Investment when it groans and creaks

Admittedly, the headline of the article on the cash roundtable is a bit awkward: “I don’t see any alternatives to productive material assets”. But the somewhat condensed quote from Nico Auel, Managing Director of RWB Partners GmbH, which specializes in private equity funds of funds, sums it up: Investors are currently finding it even more difficult than usual to find the right strategy for their capital investment.

The stock exchanges are shaking, the bond markets are plummeting due to rising interest rates and there is generally great uncertainty about the progress of the Ukraine war and its consequences. The bank account is also not a real option because the high inflation is eroding the value and “custody fees” may still be incurred.

Even the real estate market, which is otherwise seen as a lifeline in times of crisis, is groaning and creaking, especially in new construction. Building materials are scarce and expensive, there is a shortage of skilled workers everywhere and property prices have sometimes reached dizzying heights. Added to this are steeply increased mortgage interest rates. At just under three percent for ten-year loans, they are still low in a long-term comparison, but they have almost tripled since the turn of the year. This increases the monthly burden on buyers, restricts their financial leeway and is likely to throw some project developer calculations overboard. We can already hear that new construction projects are being postponed or scrapped altogether.

Housing construction has already stalled in 2021. According to the Federal Statistical Office, building permits were issued for a good 380,000 apartments last year, meaning that the target set by politicians of 400,000 new apartments per year appears to have almost been achieved. However, only around 293,000 apartments were completed in 2021, 4.2 percent fewer than in the previous year.

The backlog of apartments that have been approved but have not yet been completed has therefore continued to grow strongly. With almost 850,000 apartments not yet built, it has now reached its highest level since 1996. Nobody knows how many of these will eventually be built. However, the rise in interest rates will certainly not boost new construction. The number of new building permits issued in the first quarter of 2022 has already fallen by 3.6 percent compared to the same period last year.

However, the higher borrowing costs are also an important factor for existing properties. “Our investors experienced a small ‘interest rate shock’ – without a doubt,” says Sebastian Engel, Chief Sales Officer (CSO) of Alpha Real Estate GmbH, at the cash roundtable. Andreas Schrobback, founder and CEO of the AS Group Holding, also confirms: “We also noticed a certain reluctance and shock rigidity, a wait-and-see attitude, similar to that at the beginning of the corona pandemic, among private buyers.”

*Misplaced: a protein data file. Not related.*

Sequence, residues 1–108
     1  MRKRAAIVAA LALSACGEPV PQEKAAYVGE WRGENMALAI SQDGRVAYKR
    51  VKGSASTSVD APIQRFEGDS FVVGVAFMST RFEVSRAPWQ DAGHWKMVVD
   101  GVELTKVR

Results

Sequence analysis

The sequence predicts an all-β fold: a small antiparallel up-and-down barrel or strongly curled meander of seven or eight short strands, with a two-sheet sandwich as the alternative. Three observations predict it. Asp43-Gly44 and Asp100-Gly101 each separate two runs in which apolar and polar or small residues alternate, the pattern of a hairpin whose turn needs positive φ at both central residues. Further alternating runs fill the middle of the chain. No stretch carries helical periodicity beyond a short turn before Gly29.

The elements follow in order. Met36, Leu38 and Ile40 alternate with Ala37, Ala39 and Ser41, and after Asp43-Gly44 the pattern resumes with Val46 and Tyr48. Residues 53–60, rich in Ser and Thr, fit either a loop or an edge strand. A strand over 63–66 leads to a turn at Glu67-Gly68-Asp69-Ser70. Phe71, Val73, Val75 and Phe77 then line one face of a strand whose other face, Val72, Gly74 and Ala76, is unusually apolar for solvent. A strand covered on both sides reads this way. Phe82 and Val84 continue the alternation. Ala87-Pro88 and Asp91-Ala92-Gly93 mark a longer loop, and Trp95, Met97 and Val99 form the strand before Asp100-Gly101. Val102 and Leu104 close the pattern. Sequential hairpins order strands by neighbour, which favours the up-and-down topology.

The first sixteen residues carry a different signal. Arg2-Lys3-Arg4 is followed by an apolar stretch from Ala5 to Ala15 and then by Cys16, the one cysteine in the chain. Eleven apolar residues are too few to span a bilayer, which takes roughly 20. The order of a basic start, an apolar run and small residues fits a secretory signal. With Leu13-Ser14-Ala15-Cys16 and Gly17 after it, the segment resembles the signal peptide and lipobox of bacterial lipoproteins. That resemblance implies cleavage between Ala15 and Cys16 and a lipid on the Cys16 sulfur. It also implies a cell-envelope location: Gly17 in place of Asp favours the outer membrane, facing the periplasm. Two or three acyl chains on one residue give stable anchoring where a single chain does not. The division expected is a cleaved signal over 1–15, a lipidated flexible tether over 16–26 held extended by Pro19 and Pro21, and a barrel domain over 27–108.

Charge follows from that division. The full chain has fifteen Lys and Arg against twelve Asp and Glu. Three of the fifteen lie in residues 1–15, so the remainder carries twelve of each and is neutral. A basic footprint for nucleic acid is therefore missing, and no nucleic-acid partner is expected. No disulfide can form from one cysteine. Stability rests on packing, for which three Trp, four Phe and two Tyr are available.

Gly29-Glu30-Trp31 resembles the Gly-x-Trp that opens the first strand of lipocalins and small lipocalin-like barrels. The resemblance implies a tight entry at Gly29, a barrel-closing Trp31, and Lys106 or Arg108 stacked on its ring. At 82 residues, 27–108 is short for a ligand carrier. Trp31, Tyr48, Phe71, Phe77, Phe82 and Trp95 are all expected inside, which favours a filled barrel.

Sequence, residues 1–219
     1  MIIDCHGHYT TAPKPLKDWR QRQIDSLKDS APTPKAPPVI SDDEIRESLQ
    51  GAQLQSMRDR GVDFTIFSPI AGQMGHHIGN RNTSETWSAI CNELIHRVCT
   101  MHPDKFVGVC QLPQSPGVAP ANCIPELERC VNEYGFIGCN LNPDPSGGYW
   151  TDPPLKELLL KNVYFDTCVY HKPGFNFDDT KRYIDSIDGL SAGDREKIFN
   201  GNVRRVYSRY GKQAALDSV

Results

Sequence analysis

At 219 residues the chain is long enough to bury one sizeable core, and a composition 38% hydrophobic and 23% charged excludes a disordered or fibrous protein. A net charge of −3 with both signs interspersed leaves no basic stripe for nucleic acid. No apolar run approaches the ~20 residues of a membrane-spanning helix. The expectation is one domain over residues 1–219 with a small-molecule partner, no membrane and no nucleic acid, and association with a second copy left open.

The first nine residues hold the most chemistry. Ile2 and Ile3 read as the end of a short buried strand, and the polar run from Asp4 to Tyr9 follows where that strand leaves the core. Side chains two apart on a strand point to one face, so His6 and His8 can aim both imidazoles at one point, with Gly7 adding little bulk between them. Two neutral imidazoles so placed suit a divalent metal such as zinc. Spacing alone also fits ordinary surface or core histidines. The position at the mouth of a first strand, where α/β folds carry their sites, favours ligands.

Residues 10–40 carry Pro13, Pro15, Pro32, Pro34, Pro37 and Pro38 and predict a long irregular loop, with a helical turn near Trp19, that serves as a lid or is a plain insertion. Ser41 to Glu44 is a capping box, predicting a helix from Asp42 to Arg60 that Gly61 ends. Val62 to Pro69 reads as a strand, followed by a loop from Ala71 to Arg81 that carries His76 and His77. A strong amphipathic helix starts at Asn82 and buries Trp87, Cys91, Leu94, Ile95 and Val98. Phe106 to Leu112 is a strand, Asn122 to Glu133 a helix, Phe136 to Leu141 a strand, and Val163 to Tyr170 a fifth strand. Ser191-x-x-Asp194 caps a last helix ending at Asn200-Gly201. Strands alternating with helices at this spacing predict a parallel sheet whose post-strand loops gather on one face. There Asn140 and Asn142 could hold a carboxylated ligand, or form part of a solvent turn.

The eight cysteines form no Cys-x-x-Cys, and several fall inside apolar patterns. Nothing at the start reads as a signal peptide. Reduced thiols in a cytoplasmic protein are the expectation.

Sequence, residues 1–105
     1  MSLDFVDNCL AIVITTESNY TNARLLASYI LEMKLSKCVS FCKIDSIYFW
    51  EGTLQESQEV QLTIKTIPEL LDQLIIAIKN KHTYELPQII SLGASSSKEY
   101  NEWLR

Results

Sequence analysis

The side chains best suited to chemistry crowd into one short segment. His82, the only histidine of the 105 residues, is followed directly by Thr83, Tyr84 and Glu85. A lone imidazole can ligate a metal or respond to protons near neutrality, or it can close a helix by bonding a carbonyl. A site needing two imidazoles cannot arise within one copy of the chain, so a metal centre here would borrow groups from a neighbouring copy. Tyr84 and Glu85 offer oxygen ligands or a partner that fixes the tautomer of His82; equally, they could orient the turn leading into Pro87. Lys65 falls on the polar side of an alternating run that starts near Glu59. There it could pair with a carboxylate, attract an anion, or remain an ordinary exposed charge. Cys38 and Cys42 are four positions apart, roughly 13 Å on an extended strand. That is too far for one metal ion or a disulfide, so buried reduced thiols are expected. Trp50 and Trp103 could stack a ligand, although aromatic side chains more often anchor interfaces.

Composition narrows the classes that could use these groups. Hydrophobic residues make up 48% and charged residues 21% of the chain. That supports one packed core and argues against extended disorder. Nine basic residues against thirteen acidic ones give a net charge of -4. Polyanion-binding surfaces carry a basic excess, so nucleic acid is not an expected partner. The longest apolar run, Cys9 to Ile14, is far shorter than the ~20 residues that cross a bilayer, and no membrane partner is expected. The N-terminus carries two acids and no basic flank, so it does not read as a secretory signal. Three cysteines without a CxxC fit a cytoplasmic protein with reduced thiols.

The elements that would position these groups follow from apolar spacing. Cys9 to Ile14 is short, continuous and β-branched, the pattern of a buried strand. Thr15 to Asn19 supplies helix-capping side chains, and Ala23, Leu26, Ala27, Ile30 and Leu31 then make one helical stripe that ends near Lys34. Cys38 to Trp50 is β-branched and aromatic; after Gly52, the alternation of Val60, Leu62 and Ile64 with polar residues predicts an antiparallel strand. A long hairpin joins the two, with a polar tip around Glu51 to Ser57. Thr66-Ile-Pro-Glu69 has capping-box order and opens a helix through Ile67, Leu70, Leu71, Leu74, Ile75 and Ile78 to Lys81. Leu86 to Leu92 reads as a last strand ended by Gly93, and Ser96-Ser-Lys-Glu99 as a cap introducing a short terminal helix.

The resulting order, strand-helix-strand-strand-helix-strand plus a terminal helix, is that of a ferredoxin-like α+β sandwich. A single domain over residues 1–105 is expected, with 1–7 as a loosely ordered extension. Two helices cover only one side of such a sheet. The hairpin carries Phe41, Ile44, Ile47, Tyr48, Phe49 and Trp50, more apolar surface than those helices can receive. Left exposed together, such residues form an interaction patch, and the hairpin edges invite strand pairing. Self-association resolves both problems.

Both companies offer condominiums in existing properties as capital investments, the AS group of companies also as part of the refurbishment of listed properties with high tax advantages. However, both Schrobback and Engel point out that investors – unlike owner-occupiers – can deduct the interest from taxes. This significantly cushions the consequences of the rise in interest rates. This is also offset by the high rate of inflation, which will sooner or later also be reflected in rents and purchase prices. Even if a drop in prices is to be expected in some regions – especially in the overheated hotspots – and for some types of real estate: most of these properties are likely to remain so for a long time due to inflation, which according to most forecasts will remain more or less pronounced will quickly grow back to its original value and may even achieve higher returns than originally assumed through an increase in rent. In addition, apartments in many parts of Germany are not only generally scarce because of the misery in new construction.

There is also a high demand for some other types of use, such as care properties, even if the returns may not skyrocket at first. Rauno Gierig, CSO of Verifort Capital, which is active in this segment, emphasizes that an investment with a return of 3.5 or four percent is now great. “I say to customers: Log in for the next ten years. It doesn’t get any better,” he says. “And if it should get better, don’t fret. You have a material value and you might even be able to get a better sale price when you exit, but you definitely have a stable building block over the years because real estate is needed and the cash flow is flowing,” Gierig’s appeal continues.